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The makers of Quantiferon-TB were scheduled to ask the U.S. Food and Drug Administration (FDA) for a license to market their new diagnostic test for latent TB in this country on Oct. 12. The FDA was expected to base much of its answer to that request on data scheduled for publication in the Oct. 10 issue of the Journal of the American Medical Association (JAMA). The JAMA article was to have laid out the findings from a Phase 3 trial of Quantiferon in the United States in which Quantiferon was compared with the tuberculin skin test (TST).
Cellestis Ltd., the Australian firm that makes Quantiferon, has asked the FDA to approve the product for exactly the same indications as the TST, says Jim Rothel, PhD, chief scientific officer for Cellestis. The new test offers substantial logistical advantages over the TST, because it consists of only one step, not two, and because results are far less subject to subjective interpretation, says Rothel. Quantiferon uses an enzyme immunoassay to measure the amount of gamma-interferon, a cytokine produced by individuals whose immune systems have been primed to react to tuberculin.
Superior logistics notwithstanding, the FDA’s task will be to decide whether the test gives more accurate results than the much-maligned TST. To do that, the Phase 3 trials used people with no known history of TB exposure to gauge specificity and persons with culture-confirmed TB to assess sensitivity, says Rothel.
But to compare the two tests’ ability to detect latent TB infection, the only standard available is the TST. Clearly, the two tests don’t always agree. (Analysis of early data from the trials suggested they disagreed 70% to 90% of the time.) But given the well-known fallibility of the TST, is that good news or not? "It’s exactly what we’d hoped for — our test didn’t always agree with the TST," says Rothel. Whether the FDA agrees with his interpretation is, he concedes, the big question.
In tests in cattle, results suggest the difference is due to Quantiferon’s superior performance, he adds. Bovigam, also made by Cellestis, is used to detect latent TB in cattle by reacting to a cytokine produced by the animals. In side-by-side comparisons with the bovine equivalent of the TST, Bovigam disagreed with the skin test about 20% of the time. In those tests, it was easier to interpret the discrepancy, because cultures from the cattle provided a ready reality check. In the animal trials, Bovigam was clearly the winner, giving more accurate readings.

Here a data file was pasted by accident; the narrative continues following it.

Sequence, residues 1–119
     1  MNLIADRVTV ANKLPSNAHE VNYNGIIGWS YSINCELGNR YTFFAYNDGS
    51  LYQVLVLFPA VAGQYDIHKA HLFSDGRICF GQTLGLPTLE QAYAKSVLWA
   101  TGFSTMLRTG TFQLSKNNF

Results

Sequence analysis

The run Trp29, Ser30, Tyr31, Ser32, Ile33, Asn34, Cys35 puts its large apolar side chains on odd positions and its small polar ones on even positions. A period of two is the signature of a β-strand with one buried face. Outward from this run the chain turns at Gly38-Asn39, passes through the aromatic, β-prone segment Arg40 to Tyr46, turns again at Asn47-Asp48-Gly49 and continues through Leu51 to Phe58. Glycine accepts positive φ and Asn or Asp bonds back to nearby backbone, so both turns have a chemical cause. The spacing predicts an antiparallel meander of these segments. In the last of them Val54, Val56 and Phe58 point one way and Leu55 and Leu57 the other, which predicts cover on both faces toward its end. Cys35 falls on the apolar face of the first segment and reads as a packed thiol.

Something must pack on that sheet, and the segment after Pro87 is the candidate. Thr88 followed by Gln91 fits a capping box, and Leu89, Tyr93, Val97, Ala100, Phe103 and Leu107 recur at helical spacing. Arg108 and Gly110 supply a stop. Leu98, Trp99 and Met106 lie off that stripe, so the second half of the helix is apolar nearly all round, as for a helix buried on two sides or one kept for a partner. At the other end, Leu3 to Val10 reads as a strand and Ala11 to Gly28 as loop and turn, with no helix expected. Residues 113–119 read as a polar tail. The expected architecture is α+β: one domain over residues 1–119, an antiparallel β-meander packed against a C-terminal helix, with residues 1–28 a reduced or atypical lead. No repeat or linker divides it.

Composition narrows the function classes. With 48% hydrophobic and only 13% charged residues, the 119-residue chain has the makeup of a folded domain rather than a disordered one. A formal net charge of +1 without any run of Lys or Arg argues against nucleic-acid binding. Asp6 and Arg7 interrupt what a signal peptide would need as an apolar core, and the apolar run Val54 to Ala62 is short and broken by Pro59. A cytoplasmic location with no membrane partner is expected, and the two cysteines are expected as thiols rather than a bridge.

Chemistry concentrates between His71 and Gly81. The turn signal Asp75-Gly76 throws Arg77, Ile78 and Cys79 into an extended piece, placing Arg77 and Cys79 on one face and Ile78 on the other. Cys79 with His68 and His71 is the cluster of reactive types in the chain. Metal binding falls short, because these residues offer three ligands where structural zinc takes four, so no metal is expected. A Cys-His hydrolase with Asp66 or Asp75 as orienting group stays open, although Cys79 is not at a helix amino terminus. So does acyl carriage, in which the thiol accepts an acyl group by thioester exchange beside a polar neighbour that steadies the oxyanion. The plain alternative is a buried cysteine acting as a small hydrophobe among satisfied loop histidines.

But Bovigam is testing for a different cytokine than Quantiferon, so it’s not accurate to say results from the Bovigam trials apply equally to Quantiferon, says Gerald Mazurek, MD, an epidemiologist at the Center for Disease Control and Prevention’s Division of TB Elimination who has overseen the Phase 3 trials.
Still, Quantiferon’s performance has looked promising in two other respects. Although it sometimes does react positively in people who have received a bacille Calmette-Guèrin (BCG) vaccination in the past, it appears to be flummoxed by BCG less often than TST, says Rothel.
When it comes to nontuberculous mycobacterial infections, such as Mycobacterium avium, Quantiferon seems a much cannier instrument, with early data showing it reacted to atypicals only one-third as often as TST. (See related story in TB Monitor, October 2000, p. 97.)
Both tests sometimes fall short when it comes to spotting TB in active cases, concedes Rothel. In the case of Quantiferon, that’s because levels of gamma-interferon plummet with onset of active disease and often don’t rebound until as late as a year later, he says. The fact that all patients in the Phase 3 trials had already begun treatment probably threw off Rothel’s test further, he says; the test would have performed better in pretreatment subjects, he adds.
In Australia, Quantiferon is already licensed for use and is being used in place of the TST in two hospitals in Perth, Rothel says. "But I won’t lie to you," he adds. "Most people here have been waiting before they switch to see the results of the Phase 3 trials in the U.S."
Even if the FDA gives full approval at the licensure hearing, Rothel says he doesn’t expect an overnight revolution in the way clinicians assess latent TB. "First we’ll have to dispel a certain amount of myth and folklore, I expect," he says.